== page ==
Running the actor

In Getting started you ran an actor from the dashboard UI. Now, we’re going to start the actor “the long way” so that you can get a feel for all of the moving parts of the process. Our tooling documentation should help you get actors started more easily, once you’ve been through this guide.

We assume you’ve already installed wash, the wasmCloud host, and necessary prerequisites.

Build the actor

Building the actor is as easy as running make in the project’s root directory. This will compile the actor and sign it with a freshly generated seed key. The Makefile that comes with the newly generated project lists claims for the actor including wasmcloud:httpserver, so it can work with the HTTP Server capability provider.

Launch the Actor

There are countless ways to run the actor we just created, and if you went through the getting started section, you’ll have seen some some of them already. Open your browser to view the web dashboard at http://localhost:4000. If you’ve configured your host with an alternate port number, use that here.

At this point, simply click Start Actor and then choose From File. Open a browser to your current project directory and then navigate to the build directory. Here you’ll find a (project)_s.wasm file, where (project) is hello, or the name you selected for the project. The _s suffix indicates that this WebAssembly module has been signed.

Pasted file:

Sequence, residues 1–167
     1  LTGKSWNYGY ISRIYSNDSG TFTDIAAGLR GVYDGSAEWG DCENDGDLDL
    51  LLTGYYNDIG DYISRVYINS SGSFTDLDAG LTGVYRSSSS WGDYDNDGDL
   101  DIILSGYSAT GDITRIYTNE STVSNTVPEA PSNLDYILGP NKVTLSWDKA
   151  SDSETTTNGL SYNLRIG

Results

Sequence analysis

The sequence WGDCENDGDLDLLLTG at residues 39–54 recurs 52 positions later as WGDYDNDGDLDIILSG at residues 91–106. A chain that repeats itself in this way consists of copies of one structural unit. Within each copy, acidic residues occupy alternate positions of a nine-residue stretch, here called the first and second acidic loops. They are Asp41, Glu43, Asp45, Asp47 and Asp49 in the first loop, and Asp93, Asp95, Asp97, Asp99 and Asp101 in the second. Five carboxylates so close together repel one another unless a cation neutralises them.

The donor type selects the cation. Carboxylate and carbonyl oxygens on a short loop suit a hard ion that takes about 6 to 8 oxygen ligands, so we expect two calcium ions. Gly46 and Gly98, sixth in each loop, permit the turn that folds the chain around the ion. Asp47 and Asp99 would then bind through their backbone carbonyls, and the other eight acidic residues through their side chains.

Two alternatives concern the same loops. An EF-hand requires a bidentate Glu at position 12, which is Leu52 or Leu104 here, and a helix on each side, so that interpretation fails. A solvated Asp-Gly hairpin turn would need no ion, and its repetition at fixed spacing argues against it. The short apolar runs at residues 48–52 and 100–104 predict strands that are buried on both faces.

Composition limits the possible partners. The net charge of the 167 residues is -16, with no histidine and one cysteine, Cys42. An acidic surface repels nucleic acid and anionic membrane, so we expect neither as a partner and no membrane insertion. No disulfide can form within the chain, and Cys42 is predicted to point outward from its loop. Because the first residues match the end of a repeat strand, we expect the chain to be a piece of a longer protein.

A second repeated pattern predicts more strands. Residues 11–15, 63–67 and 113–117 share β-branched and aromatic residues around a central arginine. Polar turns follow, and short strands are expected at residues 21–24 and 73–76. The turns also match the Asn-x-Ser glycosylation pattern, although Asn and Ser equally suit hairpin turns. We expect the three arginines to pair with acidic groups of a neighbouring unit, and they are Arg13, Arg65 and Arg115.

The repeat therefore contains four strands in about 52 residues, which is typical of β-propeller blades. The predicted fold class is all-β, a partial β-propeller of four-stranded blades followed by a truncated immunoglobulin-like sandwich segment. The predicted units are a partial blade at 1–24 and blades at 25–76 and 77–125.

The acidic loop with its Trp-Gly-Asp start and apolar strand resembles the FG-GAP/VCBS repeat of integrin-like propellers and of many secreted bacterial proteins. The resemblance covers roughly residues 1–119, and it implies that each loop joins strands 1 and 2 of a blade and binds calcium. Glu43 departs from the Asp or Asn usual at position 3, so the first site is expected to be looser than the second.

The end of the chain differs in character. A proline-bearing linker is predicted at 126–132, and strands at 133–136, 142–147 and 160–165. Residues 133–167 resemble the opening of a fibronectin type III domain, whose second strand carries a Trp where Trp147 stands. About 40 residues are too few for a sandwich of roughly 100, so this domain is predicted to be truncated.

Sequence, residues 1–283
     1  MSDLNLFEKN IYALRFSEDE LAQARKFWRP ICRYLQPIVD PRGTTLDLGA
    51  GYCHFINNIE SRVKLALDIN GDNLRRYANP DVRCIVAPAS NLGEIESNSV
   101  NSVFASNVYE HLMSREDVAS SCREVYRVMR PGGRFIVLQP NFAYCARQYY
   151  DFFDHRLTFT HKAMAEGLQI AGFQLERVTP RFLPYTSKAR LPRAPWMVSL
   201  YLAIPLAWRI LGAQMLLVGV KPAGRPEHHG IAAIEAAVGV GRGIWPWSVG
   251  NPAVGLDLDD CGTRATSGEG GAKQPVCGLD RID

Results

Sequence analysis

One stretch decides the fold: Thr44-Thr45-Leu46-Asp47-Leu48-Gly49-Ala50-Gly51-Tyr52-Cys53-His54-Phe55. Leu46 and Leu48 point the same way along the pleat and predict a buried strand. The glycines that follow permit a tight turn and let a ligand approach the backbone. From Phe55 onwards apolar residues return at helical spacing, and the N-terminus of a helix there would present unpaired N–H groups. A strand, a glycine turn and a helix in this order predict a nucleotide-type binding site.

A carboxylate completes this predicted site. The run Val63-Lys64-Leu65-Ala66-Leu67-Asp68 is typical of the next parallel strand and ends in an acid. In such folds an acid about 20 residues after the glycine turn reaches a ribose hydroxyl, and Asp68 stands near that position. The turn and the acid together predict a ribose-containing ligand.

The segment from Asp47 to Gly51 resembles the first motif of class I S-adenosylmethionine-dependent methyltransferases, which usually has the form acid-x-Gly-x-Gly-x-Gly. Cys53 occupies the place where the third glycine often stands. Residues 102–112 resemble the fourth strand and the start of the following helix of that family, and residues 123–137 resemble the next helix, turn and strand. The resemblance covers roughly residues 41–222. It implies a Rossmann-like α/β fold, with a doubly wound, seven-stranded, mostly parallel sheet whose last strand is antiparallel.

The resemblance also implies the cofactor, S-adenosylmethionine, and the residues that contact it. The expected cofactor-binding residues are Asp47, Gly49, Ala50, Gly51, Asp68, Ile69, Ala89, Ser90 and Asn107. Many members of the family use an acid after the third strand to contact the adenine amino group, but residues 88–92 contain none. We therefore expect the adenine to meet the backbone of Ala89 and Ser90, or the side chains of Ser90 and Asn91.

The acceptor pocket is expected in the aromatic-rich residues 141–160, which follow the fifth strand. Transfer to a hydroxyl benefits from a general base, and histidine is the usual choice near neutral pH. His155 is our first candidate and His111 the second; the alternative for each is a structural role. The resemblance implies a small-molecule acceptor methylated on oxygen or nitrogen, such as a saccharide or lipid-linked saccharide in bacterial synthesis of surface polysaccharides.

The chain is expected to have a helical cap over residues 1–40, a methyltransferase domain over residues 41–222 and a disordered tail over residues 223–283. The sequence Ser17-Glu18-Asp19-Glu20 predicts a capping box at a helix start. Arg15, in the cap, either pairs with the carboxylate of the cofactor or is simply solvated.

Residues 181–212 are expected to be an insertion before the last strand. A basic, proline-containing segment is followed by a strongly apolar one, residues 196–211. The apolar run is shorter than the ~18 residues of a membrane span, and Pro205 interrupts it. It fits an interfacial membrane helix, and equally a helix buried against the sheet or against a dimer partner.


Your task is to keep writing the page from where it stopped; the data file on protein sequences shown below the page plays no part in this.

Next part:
A moment later you should see the actor in your web UI as shown in the following screenshot:

actor started

Start the web server

We know our new actor needs a web server, so let’s start the HTTP server capability provider. To do that, click the Start Provider button and enter this OCI URL: wasmcloud.azurecr.io/httpserver:0.16.2. Now we should have both an actor and a provider, and the dashboard should look like this:

actor and provider

With both the provider and the actor running, the next step is to link the two. This provides a set of configuration values that is unique for each actor’s use of a provider. To change things up slightly, and so you develop some muscle memory with the command line tooling, we’ll use the wash CLI here. To link your actor, you’ll' need the actor’s public key. You can get that by clicking on the dark blue clipboard icon next to the actor name in the dashboard web UI (it’ll be a long string that starts with M).

Once you’ve got the actor’s public key, you can export a HELLO_ACTOR_ID environment variable with that value and copy-and-paste the link command:

# Paste your actor ID after the `=` below (with no space after the `=`)
export HELLO_ACTOR_ID=
wash ctl link put ${HELLO_ACTOR_ID} VAG3QITQQ2ODAOWB5TTQSDJ53XK3SHBEIFNK4AYJ5RKAX2UNSCAPHA5M wasmcloud:httpserver address=0.0.0.0:8087
# Paste your actor ID after the `=` below (with a space after the `=`)
$env:HELLO_ACTOR_ID = 
wash ctl link put $env:HELLO_ACTOR_ID VAG3QITQQ2ODAOWB5TTQSDJ53XK3SHBEIFNK4AYJ5RKAX2UNSCAPHA5M wasmcloud:httpserver address=0.0.0.0:8087

At this point your HTTP server capability provider has been notified that a link definition was created, and it started the corresponding web server listening on port 8087. You can now hit that endpoint and exercise the code you just wrote:

curl localhost:8087

and you should get the response:

Hello World

The actor accepts an optional parameter name, and uses it to change the greeting. (Notice the quotes around the url below).

curl "localhost:8087?name=Carol"

The response should be

Hello Carol

Congratulations! You’ve successfully created and run your first actor. Welcome to the world of boilerplate-free, simple distributed application development in the cloud, browser, and everywhere in between.

Let’s make a slight modification to the code, so you can see what it’s like to go through a development iteration to compile and update the running code. Don’t worry - this will be pretty quick.